I watched the woman turn and begin to walk away from me.

My heart thumped wildly in my chest and my breath came in short, choked gasps. I still could not speak, though in my mind I was screaming.

I stepped into the still August morning. There was not a sound, not even a whisper as the world slumbered. The pavement was rough and cool beneath my feet.

Suddenly, a hand grabbed me firmly by the shoulder and spun me around.

“Lori, honey? What are you doing?”

I stared at my mom’s face, blinking in confusion. Her old green bathrobe was tied hastily over her cotton nightgown. Her short brown hair stood crazily on her head where she slept. Behind her round glasses, her eyes looked worried and tired.

“Come on,” she said, ushering me back inside and locking the door behind us. “Let’s get you back in bed.”

I turned and looked out the window, but the woman was gone.

Mom tucked me back into bed and kissed my forehead. On the bunk above me, Lindy rolled over with a sigh.

“Good night, sweetheart,” Mom said. She turned out the light and retreated to her
bedroom where I could hear my dad snoring loudly.

Lying in the darkness, hot tears burned my eyes as the thought played itself over and over in my mind.

She’s gone. My mother is gone.

365 Project – Day 254 – Family Ties

I’ve always been a little bit on the shy side–well, maybe not shy, but certainly reserved. Introverted. I’ve never been one that enjoyed the being in the spotlight, or the center of attention, yet that’s exactly where I found myself when I first reunited with my birthparents in the winter of 2002. I went from being a wallflower to being the main attraction at the three-ring circus virtually overnight.

Luckily, my reunion was a good one. To be honest, the story reads like something out of a fairytale. I still pinch myself regularly to make sure I’m not dreaming, because I can’t for the life of me figure out how one girl can be so blessed. Not only did I grow up in an amazing adopted family, but in 2002, that family more than tripled in size.

It’s funny how, even now, nearly 10 years after that initial reunion, I am still meeting members of my biological family for the first time. I’d be lying if I said it didn’t make me a little nervous. I think it always will. But each time, it gets a little easier as I add another name to the long list of genuinely beautiful and down-to-earth people that I am blessed to call my kin.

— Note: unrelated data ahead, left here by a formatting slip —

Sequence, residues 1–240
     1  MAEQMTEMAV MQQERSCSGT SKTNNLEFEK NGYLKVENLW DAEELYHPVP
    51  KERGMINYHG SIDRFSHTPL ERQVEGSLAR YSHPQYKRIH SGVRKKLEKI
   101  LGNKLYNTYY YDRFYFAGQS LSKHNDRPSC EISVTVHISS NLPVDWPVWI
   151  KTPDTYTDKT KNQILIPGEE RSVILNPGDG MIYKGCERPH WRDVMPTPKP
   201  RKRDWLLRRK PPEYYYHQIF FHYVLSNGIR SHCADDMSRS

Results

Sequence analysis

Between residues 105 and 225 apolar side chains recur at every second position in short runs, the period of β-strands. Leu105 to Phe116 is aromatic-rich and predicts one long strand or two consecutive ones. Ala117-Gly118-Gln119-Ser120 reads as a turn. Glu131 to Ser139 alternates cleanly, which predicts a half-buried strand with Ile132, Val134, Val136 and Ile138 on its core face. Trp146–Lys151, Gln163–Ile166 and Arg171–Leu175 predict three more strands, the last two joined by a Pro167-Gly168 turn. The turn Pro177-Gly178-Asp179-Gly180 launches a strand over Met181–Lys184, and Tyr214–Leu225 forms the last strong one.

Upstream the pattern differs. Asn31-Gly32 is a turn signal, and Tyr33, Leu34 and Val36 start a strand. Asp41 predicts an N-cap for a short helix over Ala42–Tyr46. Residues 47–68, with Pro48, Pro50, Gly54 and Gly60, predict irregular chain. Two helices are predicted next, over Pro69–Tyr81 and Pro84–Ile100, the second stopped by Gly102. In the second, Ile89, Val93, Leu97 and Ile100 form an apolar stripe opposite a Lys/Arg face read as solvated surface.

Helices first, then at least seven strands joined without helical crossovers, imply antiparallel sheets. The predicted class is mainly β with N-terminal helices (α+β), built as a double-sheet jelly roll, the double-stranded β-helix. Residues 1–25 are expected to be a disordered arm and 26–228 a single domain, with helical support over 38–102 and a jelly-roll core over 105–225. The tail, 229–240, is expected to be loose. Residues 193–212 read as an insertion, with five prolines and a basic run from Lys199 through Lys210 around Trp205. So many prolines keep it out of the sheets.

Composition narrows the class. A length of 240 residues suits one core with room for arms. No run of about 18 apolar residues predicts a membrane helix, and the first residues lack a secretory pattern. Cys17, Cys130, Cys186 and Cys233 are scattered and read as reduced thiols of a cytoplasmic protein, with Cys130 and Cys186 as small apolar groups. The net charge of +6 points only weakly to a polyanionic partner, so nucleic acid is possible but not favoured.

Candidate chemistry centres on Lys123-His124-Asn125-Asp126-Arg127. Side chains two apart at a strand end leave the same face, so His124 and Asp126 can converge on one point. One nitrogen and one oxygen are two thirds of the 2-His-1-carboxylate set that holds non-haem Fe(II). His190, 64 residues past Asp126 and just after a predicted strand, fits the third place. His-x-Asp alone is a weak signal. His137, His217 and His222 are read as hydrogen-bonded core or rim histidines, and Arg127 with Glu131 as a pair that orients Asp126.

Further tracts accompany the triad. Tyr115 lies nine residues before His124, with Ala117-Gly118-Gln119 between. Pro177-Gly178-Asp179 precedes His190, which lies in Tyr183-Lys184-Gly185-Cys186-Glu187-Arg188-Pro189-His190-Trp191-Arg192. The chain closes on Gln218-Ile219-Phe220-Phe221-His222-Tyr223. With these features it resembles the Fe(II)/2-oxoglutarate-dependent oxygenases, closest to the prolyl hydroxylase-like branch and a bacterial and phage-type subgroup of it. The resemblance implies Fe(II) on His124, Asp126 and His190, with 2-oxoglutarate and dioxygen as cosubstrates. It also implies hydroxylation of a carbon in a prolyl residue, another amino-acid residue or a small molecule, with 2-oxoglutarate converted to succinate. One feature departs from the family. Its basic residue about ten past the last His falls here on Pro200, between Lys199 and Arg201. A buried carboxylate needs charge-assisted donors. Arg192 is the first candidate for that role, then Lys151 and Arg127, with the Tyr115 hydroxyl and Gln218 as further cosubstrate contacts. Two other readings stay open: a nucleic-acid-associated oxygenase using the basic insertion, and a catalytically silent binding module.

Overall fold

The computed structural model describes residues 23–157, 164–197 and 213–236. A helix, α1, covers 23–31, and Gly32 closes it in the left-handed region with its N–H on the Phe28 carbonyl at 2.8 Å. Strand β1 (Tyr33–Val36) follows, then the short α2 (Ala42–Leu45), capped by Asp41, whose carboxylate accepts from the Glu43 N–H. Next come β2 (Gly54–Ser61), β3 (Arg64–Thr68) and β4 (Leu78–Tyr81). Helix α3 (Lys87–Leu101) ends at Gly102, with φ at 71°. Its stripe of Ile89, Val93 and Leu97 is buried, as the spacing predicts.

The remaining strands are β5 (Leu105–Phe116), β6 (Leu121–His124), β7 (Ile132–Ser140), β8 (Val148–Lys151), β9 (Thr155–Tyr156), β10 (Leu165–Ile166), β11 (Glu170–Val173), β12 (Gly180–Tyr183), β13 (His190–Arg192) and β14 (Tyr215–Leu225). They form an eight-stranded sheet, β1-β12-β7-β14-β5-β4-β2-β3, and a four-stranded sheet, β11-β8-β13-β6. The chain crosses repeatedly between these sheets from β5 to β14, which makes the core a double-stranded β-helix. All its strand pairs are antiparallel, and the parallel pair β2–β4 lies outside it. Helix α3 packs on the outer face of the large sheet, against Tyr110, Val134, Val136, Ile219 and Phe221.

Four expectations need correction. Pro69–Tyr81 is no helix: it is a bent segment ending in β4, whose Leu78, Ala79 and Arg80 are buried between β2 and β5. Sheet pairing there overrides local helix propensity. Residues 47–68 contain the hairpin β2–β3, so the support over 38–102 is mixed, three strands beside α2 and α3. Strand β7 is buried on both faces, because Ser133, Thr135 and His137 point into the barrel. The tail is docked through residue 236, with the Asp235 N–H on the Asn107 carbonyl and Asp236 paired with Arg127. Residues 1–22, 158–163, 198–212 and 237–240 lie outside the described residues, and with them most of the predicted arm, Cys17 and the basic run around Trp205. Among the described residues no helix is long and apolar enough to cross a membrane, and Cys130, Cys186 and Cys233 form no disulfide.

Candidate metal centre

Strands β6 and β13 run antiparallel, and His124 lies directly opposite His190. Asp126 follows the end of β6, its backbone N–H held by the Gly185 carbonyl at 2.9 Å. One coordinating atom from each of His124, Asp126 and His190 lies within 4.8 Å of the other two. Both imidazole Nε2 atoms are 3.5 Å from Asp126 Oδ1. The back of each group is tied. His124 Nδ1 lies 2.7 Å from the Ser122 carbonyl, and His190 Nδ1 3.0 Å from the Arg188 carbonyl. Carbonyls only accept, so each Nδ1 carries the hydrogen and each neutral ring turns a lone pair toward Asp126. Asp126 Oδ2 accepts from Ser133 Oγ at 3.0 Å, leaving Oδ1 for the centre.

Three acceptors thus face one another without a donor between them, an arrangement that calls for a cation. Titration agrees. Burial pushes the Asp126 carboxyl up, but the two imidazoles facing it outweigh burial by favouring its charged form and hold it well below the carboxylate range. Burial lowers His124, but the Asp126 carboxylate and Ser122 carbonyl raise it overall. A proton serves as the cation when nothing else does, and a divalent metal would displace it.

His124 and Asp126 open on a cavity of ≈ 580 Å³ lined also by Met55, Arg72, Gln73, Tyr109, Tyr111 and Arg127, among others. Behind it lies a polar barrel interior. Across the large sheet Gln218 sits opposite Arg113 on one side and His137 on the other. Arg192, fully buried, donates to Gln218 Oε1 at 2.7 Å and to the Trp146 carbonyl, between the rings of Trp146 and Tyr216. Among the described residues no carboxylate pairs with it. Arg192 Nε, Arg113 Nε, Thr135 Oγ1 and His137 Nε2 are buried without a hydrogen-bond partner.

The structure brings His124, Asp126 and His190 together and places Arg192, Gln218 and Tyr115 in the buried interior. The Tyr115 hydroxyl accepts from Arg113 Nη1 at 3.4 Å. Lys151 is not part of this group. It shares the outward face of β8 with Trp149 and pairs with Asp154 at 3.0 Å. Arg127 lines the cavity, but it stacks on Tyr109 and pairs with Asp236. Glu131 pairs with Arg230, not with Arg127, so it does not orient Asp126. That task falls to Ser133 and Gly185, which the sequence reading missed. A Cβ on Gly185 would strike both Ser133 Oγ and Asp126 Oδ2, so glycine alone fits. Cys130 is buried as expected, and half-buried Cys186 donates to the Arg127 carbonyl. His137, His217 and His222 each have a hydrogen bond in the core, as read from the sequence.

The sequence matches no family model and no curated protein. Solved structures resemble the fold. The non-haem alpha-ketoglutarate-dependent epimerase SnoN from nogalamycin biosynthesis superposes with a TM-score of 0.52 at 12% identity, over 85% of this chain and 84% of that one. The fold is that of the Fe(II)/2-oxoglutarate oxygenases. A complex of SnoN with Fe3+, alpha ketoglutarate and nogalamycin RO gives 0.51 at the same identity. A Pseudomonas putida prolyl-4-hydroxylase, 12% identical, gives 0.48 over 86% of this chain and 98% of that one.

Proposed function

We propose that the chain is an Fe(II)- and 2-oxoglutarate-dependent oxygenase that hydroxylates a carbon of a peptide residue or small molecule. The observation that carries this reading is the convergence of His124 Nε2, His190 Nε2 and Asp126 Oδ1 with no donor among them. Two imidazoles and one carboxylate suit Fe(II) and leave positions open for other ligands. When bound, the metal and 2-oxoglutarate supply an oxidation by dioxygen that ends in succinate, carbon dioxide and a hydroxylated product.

After spending a wonderful week with Momma Dawn, Poppa Mark, Kassie, Jeremy, Beau, and Eddie in Florence, I headed to Aunt Jen’s house in Phoenix to finish up my Arizona tour. Aunt Jen grilled some burgers and I got to meet my sweet cousin Bailey, her daughter Sophia, her Mom Mary and her sister Madison. I’d heard Bailey’s name so many times over the years, and always looked forward to meeting her, yet our paths just never seemed to cross. Finally, tonight, we were able to get together and spend a little time and boy, let me tell you, it was worth the wait.

Cadence had a blast playing with Madison. The girls hopped, skipped, twirled, danced, jumped, giggled and chased each other all over Aunt Jen’s house. Except, of course, when Cadence took a short break to fawn over baby Sophia. Bailey, Mary, Jen, and I spent the evening talking and laughing and having fun. Before we said goodbye, I certainly had to get a few shots of my newest cousins. Here are a few of my favorites…

Bailey and Sophia
Bailey, Sophia, Me and Miss Cadence
Aunt Jen and Sophia--She looks like a natural! Don't you think?
Bailey, Aunt Jen and Sophia
Ooooh! Such a beautiful girl!
Miss Sophia looks pretty darn comfortable in Aunt Jen's lap!
Now those are two beautiful girls!
Kisses from Momma
Miss Cadence has a hard time keeping her hands off baby Sophia
Just one last snuggle before we say bye-bye.

Tonight’s 365 Project entry is dedicated Bailey, Sophia, Mary and Madison. Thank you so much for spending the evening with us!!

365 Project – Day 251 – The Photophobic Gene

A lot of people harass me about the way I always seem to disappear the moment a camera is pointed in my general direction. I’ve said it before and I’ll say it again–I’ve always felt much more comfortable behind the camera than in front of it, and I have honed by photo avoidance skills to the point where I am a ghost on film. You’d swear you saw me, then POOF! I’m gone.

I guess I always thought it was just part of my introverted personality. It made perfect sense that the quiet girl who embraced the solitary life of a writer would also be a little camera shy. When it comes right down to it, my aversion to being photographed is so strong that I would honestly rather walk across a bed of red hot coals than have to smile and pose for a photo. Yet, I have recently discovered that my photophobia is actually a genetic affliction, and that I have my birthparents to thank.

While my birthfather Shawn is prone to grumbling whenever I point my camera in his direction, it’s Momma Dawn that that really rivals me for the title of President of the official I Hate Being Photographed Club. After our initial reunion and all the photo ops that went with it, the next photo I was able to take of Momma Dawn was at my wedding five years later. And I can count on one hand the number of photos I have of Cadence and her Nonna together. So, I decided that, on this trip, Momma Dawn was just going to have to suck it up, stop making excuses and be in a few photos. I’m sure I’ll get more this weekend, but here are a few I was able to snap today before Momma Dawn went into hiding again.

Poppa giving Nonna and Cadence a ride on the tractor.
Nonna helping Miss Cadence get her shoe back on.
Nonna and Cadence visiting the pigs.
Two of my favorite girls.

Tonight’s 365 Project entry is dedicated to my photophobic Momma. Thanks for passing it along. 😉